PARIS, June 4 (Reuters) - French “First Lady” Valerie Trierweiler will continue to work as a journalist for Paris Match, the glossy news magazine that she criticised for publishing a front page story about her and her partner President Francois Hollande before his election.
Paris Match’s editor said he saw no conflict of interest and that the 47-year-old, who met Hollande years ago during her career as a political reporter, had signed a new deal to cover culture, reviewing books and art exhibitions.
The twice-divorced mother of three and unmarried partner of Hollande had long insisted that she wanted to remain a working mother, even if she now has a staff in her informal role as First Lady at the presidential Elysee Palace.
“It’s something of an unprecedented situation for us,” Paris Match editor Olivier Royant told Europe 1 radio, which like the magazine is part of the media empire of Lagardere, a conglomerate that also has a stake in Airbus.
Royant said that Trierweiler stopped covering political affairs for Paris Match in November, shortly after the 57-year-old Hollande became the Socialist Party candidate in an election he won on May 6.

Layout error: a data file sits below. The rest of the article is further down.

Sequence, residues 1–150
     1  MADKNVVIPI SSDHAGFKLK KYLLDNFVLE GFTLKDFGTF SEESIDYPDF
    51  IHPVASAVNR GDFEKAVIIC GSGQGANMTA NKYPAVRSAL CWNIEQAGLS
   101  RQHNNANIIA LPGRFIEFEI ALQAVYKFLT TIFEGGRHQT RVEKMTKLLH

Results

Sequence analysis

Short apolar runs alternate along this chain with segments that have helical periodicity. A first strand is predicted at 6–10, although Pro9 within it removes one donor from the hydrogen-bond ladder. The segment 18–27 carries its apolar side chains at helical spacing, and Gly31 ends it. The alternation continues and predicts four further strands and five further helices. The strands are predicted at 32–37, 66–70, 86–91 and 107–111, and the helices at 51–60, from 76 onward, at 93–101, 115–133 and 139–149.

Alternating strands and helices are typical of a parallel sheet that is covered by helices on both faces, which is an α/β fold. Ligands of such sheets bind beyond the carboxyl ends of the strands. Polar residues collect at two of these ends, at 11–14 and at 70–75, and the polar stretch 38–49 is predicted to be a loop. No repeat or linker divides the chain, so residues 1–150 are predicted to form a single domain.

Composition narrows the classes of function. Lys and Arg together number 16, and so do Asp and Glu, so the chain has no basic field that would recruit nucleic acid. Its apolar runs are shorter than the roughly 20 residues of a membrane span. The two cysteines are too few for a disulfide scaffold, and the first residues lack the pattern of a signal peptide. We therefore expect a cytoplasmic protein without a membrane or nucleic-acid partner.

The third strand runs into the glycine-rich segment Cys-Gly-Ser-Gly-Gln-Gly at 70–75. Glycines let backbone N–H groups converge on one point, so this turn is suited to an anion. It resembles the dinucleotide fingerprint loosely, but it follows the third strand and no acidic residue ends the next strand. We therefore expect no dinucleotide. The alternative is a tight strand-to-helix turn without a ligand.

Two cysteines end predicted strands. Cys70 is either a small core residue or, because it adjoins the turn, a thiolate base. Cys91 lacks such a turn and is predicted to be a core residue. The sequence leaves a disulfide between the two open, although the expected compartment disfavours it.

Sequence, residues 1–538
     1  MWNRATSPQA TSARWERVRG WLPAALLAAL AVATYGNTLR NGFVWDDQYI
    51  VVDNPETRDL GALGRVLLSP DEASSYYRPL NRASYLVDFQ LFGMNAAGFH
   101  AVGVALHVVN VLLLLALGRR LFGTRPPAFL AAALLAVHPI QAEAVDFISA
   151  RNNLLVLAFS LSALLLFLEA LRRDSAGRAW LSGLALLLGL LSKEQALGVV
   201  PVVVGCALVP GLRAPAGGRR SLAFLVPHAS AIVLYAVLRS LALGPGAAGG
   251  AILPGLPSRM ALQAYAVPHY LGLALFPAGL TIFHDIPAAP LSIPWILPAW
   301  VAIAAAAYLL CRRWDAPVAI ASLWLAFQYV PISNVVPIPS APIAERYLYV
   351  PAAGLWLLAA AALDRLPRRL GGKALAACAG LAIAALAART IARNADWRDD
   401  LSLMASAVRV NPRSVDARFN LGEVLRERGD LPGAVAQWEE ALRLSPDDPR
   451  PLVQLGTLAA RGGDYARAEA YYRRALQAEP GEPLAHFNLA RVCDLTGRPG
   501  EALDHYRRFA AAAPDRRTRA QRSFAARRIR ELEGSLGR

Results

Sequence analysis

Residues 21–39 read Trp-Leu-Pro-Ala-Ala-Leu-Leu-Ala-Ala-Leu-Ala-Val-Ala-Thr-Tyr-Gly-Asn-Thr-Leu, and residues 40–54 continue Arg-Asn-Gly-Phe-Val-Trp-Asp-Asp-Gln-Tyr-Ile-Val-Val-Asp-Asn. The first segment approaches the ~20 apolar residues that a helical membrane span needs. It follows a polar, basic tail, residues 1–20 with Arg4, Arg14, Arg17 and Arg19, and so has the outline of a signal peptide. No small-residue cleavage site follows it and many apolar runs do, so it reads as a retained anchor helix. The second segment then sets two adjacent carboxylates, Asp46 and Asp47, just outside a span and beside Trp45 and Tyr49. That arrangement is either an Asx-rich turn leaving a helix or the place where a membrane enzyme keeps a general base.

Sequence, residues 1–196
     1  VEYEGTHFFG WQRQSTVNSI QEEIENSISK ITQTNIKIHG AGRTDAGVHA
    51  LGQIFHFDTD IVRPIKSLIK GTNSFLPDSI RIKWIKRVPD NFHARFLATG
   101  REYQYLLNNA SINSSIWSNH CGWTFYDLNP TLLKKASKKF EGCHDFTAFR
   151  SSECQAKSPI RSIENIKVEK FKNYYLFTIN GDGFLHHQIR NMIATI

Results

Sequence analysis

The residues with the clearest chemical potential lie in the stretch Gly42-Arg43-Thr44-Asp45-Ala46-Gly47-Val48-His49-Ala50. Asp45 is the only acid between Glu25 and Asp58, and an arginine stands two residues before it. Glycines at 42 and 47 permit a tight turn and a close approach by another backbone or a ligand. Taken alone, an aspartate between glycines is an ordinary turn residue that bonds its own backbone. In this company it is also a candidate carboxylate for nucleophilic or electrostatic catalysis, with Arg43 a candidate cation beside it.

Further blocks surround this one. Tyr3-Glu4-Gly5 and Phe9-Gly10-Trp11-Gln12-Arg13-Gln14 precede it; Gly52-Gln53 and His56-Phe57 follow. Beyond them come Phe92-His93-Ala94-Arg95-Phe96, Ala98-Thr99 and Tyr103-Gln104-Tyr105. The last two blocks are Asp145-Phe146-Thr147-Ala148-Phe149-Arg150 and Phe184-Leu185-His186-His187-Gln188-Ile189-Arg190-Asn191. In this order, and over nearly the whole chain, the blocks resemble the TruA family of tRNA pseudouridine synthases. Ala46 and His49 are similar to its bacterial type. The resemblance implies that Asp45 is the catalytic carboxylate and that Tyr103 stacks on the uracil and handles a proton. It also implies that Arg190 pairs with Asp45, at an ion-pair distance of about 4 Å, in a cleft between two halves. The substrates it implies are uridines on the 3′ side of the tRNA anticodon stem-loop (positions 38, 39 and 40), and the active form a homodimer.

She had since been working from home with a laptop and excluded from the weekly magazine’s editorial meetings, he said, adding: “These precautions were taken to protect (Paris) Match and her from all suspicion of conflict of interest.”
Trierweiler criticised Paris Match in March for publishing a front-page photograph and story about her and Hollande during the election campaign.
“What a shock to find yourself on the front of your own publication. Angry at finding my photo used without authorisation or even a warning,” she tweeted at the time.
Prior to his relationship with Trierweiler, Hollande had four children over 25 years living with Segolene Royal, a fellow Socialist who herself ran for president in 2007. Shortly after the failed endeavour, Royal announced that she and Hollande were splitting up.
Paris Match editor Royant said he discussed the new contract with Trierweiler last Thursday. “She now seems to be able to draw the dividing line. It’s been an accelerated learning process over the past three weeks,” he said.
For the years ahead, he said: “Coverage of the presidential couple will remain fair and independent ... We have a saying at Match that goes: ‘there’s only one star here and it’s the publication’”.
In much the same way that Hollande says he wants to be a “Mr Normal” president, partner Trierweiler has said she doesn’t want to be boxed into the role of “second fiddle, first lady”. (Editing by Rosalind Russell)